Academic journal article American Journal of Play

Play as a Basic Pathway to the Self: An Interview with Thomas S. Henricks

Academic journal article American Journal of Play

Play as a Basic Pathway to the Self: An Interview with Thomas S. Henricks

Article excerpt

Thomas S. Henricks is the J. Earl Danieley Professor of Sociology and guished Professor at Elon University. Since receiving his doctorate in sociology at the University of Chicago, Henricks has investigated the sociology of sports from the fandom of modern American professional wrestling to the relationship between sports and social stratification in preindustrial England. Currently his interests include social theory, modernization and change, popular culture, race and ethnic relations, and, especially, the physiological, environmental, social, cultural, and psychological relationships that shape behavior and experience in sports and play. His Play and the Human Condition appeared in 2015. His other books include Disputed Pleasures: Sport and Society in Preindustrial England; Play Reconsidered: Sociological Perspectives on Human Pleasure; and Selves, Societies, and Emotions: Understanding the Pathways of Experience. Henricks also writes a blog "The Pathways of Experience" for Psychology Today, focusing on the nature of human play and other main avenues of human expression: work, ritual, and the civic spirit of celebration he calls communitas. In this interview, Henricks discusses the study of play and notes how play gives both scholars and players a way of understanding human potential individually, in small social circles, and in larger communities. Key words: communitas; leisure as play; play and emotions; play scholars; play studies; ritual; social experience; sport and play; work American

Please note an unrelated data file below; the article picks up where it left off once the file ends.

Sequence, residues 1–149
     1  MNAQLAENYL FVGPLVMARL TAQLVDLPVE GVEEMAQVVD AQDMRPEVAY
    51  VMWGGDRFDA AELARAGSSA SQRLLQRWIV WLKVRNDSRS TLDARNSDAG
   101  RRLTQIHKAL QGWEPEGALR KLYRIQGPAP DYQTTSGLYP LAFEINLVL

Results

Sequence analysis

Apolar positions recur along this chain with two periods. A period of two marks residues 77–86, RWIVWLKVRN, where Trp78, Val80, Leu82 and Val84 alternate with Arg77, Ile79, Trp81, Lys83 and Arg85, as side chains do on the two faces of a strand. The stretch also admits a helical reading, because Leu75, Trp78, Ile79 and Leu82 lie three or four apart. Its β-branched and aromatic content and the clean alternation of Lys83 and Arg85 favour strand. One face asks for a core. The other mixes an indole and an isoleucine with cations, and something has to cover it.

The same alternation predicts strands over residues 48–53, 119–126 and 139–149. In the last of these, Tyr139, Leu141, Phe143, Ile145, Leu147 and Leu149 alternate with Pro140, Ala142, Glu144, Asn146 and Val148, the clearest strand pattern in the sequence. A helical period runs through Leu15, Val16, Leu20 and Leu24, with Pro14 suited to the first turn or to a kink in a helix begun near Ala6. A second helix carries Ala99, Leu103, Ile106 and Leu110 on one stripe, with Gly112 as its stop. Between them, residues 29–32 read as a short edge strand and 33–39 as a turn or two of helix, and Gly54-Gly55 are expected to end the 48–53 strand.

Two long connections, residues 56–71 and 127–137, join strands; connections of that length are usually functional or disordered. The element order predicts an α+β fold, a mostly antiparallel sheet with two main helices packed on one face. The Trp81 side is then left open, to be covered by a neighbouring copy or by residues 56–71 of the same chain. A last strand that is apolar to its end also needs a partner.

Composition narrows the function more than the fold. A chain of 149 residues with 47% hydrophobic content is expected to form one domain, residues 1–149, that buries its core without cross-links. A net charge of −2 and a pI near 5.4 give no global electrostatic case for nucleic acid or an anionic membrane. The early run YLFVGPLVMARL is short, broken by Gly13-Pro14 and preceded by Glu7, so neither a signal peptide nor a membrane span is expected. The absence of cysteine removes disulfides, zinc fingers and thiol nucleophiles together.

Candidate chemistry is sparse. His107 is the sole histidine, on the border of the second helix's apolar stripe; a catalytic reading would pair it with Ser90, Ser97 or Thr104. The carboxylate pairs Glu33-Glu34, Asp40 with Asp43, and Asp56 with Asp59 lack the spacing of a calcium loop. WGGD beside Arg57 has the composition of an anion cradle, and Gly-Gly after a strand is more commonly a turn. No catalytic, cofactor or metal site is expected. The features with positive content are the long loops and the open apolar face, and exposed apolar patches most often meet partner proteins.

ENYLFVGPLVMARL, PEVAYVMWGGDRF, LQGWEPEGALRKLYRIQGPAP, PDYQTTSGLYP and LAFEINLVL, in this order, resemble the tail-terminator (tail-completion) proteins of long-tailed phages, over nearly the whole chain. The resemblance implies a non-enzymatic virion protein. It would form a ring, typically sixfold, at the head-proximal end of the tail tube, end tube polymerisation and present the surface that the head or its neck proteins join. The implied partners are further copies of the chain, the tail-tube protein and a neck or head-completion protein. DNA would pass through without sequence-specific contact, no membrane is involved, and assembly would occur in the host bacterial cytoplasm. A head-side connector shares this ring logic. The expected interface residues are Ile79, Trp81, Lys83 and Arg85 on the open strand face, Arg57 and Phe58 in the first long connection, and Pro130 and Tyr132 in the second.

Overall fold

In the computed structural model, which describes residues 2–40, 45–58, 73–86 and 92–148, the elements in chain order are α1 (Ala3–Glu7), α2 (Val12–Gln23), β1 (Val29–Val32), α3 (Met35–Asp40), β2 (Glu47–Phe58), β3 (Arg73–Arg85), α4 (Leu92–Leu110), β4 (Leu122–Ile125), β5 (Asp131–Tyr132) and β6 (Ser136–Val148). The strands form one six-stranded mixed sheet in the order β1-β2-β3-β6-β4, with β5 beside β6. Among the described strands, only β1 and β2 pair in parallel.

Journal of Play: Please tell us about your early play experiences and what you remember most about the way you played as a child? Thomas

Henricks: Most people have a play trajectory that begins early and continues, with ebbs and flows, throughout life. My own early play experiences are not that remarkable, but they did help determine the person I became. And they remain a valued part of my identity. Growing up in the 1950s, I was one of four children in a family strongly committed to playing games of every type. Whatever the pleasures of the particular activity, it was clear clear to all of us that this was an important focus for our family. Whether the occasion was ping pong, canasta, Rook, or badminton, play was a chance to evaluate one's abilities in the context of others and, in that sense, to sort through the meanings of relationships. More importantly, it was a form of social bonding. And the sometimes not so gentle teasing that accompanied that process was a way of toughening oneself in the face of disappointment, of being allowed to provoke those who were normally one's superiors, and of recognizing that enduring relationships transcend moments of dificulty. My older brother and I are quite close in age. To some extent, we played ourselves through childhood.

Games were also opportunities to establish cross-generational connections. We played a lot of board and card games with one of our grandmothers, and I remember that as one of the most pleasant aspects of my youth. Even today, I play Scrabble with my mother when we visit, or we work the newspaper's crossword puzzle or Cryptoquote together. Like many boys (and now girls as well), school sports were an important aspect of my life. In part, this meant an opportunity (besides classroom activity) to work through what Erik Erikson describes as a life-stage tension between industry and inferiority. Once again, however, the chief pleasure of playing games was the social relationships these generated. On the field of play, our group established friendships with people we might not otherwise meet. We learned what it meant to oppose and cooperate. We practiced inclusion and exclusion and instituted collective governance. That fundamentally sociological interest has always been central to my studies of play.

AJP: Was there anything specific to your experiences that drew you to studying play?

Henricks: As I noted, school sports were an important friendship base growing up. …

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